The Lessons of Roth-Kemp
Posted on December 16, 2015
When Bruce Thompson and Jim Brady started selling a tax reform plan in the late 1970’s, they didn’t get into specifics or try to educate people on the intricacies of tax policy.
They stuck to big themes and creatively captured the attention of the media and the American people.
Thompson was the tax counsel for Delaware Senator Bill Roth and Brady was Roth’s mouthpiece and they were selling the legendary Roth-Kemp tax reform plan that would later become the central component of the Reagan economic agenda.
When Thompson, who later worked in the Reagan Treasury Department, and Brady, who would later become Reagan’s Press Secretary, started work selling the Kemp-Roth plan, they didn’t know who would be the President after the 1980 election.
It was by no means a sure thing that Ronald Reagan would get the nomination, let alone beat an incumbent President.
But Thompson and Brady had a plan and they had a willing partner in Jack Kemp, who was an evangelist for pro-growth economic policies. Kemp had the charisma, the drive and the deep belief that a rising tide lifts all boats, to quote Jack Kennedy.
Well before the Presidential election of 1980 started dominating the media’s attention, Bill Roth’s staff had tilled the field to get the discussion moving on the economic benefits of comprehensive tax reform. The message was pretty simple. In an era of stagflation, the American people needed a plan to get the economy moving again.
Roth’s counterpart on the Senate Finance Committee, Russell Long (he famously summed up the attitude of most Americans towards tax policy: Don’t tax me, don’t tax thee, tax that fellow behind the tree), was open to the idea of tax reform and he allowed the Republican to schedule dozens of committee hearings to promote the ideas of the supply-siders.
Back in 1978 and 1979, Republicans weren’t all united in the idea of pro-growth economic policies. Indeed, most Republicans focused more on austerity measures because they were overly concerned about the debt.
Kemp famously didn’t care about the public debt. He cared about putting people to work and getting the economy growing. Along with Art Laffer, he promoted a plan called supply-side economics that promised that if the government would cut high tax rates dramatically, the resulting economic growth would lead to much higher tax revenues.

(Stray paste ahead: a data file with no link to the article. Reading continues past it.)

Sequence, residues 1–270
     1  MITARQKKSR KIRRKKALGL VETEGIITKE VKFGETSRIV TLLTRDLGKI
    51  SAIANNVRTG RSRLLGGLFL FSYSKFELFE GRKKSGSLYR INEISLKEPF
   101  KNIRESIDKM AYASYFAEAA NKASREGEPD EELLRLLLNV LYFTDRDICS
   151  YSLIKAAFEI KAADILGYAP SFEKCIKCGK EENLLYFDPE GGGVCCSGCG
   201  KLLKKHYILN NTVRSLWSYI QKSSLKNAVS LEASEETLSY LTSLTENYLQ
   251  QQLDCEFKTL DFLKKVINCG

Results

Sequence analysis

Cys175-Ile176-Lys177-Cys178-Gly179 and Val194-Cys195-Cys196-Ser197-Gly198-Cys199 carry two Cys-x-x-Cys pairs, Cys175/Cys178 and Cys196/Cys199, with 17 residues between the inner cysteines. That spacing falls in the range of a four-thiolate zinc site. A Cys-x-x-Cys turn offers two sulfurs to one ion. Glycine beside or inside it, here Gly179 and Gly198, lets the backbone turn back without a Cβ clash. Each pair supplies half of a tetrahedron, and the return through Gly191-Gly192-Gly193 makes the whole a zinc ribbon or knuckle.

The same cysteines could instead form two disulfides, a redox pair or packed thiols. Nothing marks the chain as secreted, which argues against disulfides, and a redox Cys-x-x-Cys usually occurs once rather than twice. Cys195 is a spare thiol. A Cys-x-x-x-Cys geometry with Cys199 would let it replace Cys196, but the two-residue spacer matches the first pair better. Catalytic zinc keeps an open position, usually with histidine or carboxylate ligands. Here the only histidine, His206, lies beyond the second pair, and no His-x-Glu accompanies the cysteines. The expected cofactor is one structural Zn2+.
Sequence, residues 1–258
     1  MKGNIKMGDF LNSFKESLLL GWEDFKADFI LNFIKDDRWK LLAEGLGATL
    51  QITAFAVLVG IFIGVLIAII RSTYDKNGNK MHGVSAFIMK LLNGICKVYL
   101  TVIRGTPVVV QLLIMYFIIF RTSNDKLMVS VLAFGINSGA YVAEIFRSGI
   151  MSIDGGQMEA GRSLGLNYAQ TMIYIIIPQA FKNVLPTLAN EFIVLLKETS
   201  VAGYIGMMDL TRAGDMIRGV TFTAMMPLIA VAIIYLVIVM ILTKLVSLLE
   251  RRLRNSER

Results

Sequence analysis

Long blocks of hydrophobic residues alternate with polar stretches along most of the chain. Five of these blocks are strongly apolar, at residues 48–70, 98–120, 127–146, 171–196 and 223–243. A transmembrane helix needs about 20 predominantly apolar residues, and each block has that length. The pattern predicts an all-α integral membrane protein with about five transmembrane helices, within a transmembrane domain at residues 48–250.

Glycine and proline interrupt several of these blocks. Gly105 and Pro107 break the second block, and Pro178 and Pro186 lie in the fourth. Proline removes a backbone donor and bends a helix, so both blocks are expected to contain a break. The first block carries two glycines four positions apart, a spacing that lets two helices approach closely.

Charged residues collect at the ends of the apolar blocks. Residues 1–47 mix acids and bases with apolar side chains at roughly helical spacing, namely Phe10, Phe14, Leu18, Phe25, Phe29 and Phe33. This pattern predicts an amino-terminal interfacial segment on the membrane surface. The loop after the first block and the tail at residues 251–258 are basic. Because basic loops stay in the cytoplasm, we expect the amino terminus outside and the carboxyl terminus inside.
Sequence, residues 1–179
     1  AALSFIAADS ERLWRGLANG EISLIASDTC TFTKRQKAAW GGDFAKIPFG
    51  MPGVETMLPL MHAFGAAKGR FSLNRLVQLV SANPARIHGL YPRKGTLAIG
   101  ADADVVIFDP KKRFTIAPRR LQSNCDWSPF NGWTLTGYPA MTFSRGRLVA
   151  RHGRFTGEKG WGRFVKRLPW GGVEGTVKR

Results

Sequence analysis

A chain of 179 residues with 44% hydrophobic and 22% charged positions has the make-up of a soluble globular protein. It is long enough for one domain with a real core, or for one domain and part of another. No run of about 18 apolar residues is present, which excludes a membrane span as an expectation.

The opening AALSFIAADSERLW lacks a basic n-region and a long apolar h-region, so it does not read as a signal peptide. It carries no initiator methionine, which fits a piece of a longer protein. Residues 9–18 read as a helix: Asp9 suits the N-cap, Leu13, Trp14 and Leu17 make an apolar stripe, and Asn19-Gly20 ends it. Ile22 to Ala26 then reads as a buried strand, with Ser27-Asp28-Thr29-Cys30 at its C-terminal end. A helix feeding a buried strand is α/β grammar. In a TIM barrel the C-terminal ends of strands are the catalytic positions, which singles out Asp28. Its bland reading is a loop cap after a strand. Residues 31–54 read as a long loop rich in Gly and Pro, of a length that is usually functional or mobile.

And it worked. Under Ronald Reagan, tax cuts went down and tax revenues went up. Of course, deficits also went up during the Reagan years, chiefly because of an aggressive expansion of defense spending and increased entitlement spending.
But the basic concept of supply side has continued to be a key part of Republican dogma ever since.
35 years after Ronald Reagan won the White House, Republicans are once again preparing plans for a new agenda.
Paul Ryan, who once worked for Kemp, now occupies the Speaker’s Chair and he has made it clear that he too wants to reform the tax code, which has grown ever more complex in the last several decades.
Ryan will do himself a world of good by passing a tax extenders package later this week. That extenders package will improve the baseline, which will make it easier to get the proper scoring for a comprehensive tax reform package he promises to introduce next year.
By making many of the extenders permanent, he will also make industry more unified and focused on tax reform next year, which should help the cause.
Tax reform is necessary and increasingly urgent, especially on the business side. More and more American companies are either moving their headquarters overseas or being bought by foreign competitors, mostly because our corporate tax rates are the highest in the world.
When corporations move their operations elsewhere, a couple things happen. First, the American tax base shrinks, meaning that the federal treasury gets less money every year. Second, American workers and American communities suffer when American businesses move overseas.
The only real way to stop this trend is to cut the corporate rate, making it more competitive with the rest of the world.
Of course, corporate tax reform doesn’t sound that enticing to most voters, many of whom have increased antipathy to the c-suite executives and their decision making process.
Bruce Thompson can teach Paul Ryan a few lessons.
- First, it’s important to have active and energetic members of both the House and the Senate to come together on a plan and then aggressively sell it.
- Second, it’s important to use the Committee process to drive an intellectual discussion about both the depths of the problem and the finer points of the solution.
- Third, it’s important to relentlessly drive media attention to keep the solution fresh in the mind of the American people.
- Fourth, it's important to keep the messaging simple, as simple as we need to get the economy moving again.
- And finally, it makes sense to work as hard as possible in the year before an election, even consider legislation on the House and Senate floors, even if the Administration is opposed to it. It helps to set up the debate for a new President the following year.
Paul Ryan is smart to make tax reform a centerpiece of his reform agenda next year. It’s important to get these conversations going now.